The intersection of business enterprises and human rights movements

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The intersection of business enterprises and human rights movements

Below is a list of questions to serve as a starting framework for the discussion in this thread:

  • What role does or can businesses play in human rights movements?
  • How can human rights movement affect the overall image of the company?
  • What are the effects of societal expectations and civil society pressure?
  • What can business enterprises gain from their involvement in human rights movement?
  • How should business balance the risks and benefits of continued engagement?
  • Share stories of success. 
Understanding linkages as basis for action and strategies

While considering "business" and "human rights (incl. labour rights)" in the same context is not a new phenomenon, in the past decades we have seen an increased clarity on the the linkages between human rigths and business. I think this increased clarity can play and important role in helpfully informing how anyone - whether activists, communities, government leaders, even consultants - engages with business to create a change in service to the human rigths. At one level, copanies have impacts on rights through their own operations and activities, and are expected to take postive steps to manage this. This is what the UN Guiding Principles on Business and Human Rigths (UNGPs) seek to address. On another level, companies may choose to stand up for causes, issues and human rigths movements that may have very little to do with their own operational and business realties. Its probbaby best to think about this as a spectrum and there are never black and white distinctions. But possible implications for how to engage business include:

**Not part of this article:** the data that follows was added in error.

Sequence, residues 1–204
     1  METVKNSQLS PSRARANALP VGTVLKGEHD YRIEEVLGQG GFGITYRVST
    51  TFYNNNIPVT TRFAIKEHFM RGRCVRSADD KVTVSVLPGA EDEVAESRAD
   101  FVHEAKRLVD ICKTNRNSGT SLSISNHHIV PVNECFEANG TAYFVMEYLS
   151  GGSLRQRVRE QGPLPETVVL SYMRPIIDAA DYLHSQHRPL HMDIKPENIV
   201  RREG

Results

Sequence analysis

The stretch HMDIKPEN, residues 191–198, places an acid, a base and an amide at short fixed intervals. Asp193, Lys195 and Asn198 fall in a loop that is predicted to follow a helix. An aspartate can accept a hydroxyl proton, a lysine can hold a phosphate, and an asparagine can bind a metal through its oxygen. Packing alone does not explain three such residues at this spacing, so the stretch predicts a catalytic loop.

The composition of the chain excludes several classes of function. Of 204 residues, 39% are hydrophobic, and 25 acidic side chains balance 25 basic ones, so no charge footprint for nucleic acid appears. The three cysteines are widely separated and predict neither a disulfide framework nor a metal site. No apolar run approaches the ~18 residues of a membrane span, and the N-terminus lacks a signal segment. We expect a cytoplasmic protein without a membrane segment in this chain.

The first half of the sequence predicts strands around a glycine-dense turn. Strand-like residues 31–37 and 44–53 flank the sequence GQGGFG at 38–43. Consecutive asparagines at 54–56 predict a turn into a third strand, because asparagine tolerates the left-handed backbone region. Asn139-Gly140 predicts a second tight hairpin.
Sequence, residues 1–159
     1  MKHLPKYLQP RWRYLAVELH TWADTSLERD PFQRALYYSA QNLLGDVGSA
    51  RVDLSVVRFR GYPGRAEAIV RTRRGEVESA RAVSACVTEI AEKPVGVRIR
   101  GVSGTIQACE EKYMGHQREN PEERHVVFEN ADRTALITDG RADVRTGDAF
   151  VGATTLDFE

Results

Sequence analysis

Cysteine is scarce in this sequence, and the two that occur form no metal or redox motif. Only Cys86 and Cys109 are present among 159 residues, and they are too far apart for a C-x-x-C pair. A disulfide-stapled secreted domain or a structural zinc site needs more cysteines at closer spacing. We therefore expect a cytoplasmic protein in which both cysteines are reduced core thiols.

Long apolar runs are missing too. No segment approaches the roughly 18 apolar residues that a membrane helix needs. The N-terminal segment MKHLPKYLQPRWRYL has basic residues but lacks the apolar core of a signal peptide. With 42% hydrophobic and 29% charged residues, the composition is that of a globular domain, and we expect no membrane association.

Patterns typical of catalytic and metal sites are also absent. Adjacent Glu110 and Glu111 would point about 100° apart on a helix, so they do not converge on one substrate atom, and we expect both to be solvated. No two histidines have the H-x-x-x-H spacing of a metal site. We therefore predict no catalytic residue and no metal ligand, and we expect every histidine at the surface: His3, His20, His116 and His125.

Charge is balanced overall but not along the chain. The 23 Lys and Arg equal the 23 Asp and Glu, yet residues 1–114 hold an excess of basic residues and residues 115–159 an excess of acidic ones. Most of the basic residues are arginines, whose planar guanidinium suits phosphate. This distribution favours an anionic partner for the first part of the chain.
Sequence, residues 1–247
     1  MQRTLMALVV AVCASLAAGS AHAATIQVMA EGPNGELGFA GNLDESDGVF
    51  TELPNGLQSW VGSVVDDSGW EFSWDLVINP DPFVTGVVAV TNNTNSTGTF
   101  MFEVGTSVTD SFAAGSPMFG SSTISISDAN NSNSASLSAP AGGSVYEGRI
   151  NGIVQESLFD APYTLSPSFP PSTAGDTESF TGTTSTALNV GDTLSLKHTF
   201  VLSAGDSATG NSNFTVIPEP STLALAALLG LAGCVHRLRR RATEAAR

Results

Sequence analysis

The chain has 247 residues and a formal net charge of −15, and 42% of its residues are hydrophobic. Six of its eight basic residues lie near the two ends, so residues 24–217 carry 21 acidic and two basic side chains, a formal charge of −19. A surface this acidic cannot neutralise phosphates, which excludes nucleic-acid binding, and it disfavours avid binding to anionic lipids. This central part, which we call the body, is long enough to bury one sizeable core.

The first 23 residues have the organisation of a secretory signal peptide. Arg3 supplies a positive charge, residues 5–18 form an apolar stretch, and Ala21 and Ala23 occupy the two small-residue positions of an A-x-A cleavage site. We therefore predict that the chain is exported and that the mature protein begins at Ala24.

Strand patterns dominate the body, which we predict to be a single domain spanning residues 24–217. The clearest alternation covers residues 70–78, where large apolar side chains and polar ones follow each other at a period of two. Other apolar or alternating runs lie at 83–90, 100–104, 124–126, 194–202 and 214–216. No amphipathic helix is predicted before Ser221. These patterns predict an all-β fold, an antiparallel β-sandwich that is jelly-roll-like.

If engaging companies in human rights campaigns and movements where the issue(s) are connected to business products, services, operations, supply chains etc...

  • It is fair and correct to raise that expectations and standards already exist around private sector engagement 
  • It is likley easier to find a "business case" for action and sustained effort
  • One can anchor into existing company commitments, policies and public reports (whether internal or external voluntary commitments) 
  • There is probably someone in the legal, sustainability, ethics functions already working on the issue  
  • There are probably examples of competitors and peers engaging on the issue - so you can demystify the issue
  • Because companies not acting can lead to operation, reputation and market access risks, it may be possible to leverage investors and others to apply pressure or create incentives

If engaging companies in human rigths campaigns and movements where the issue(s) are less obviously conneted to core business, and are instead more about standing up for concerning/worrying broader societal trends...

  • You are probably appealing far more to senior leaders and their voices - maybe even in their personal capacity 
  • The "pitch" may be more about enlightened self interest and the moral role of business in society 
  • It may mean engaging with corproate foundatoins and less functional/core business parts of the company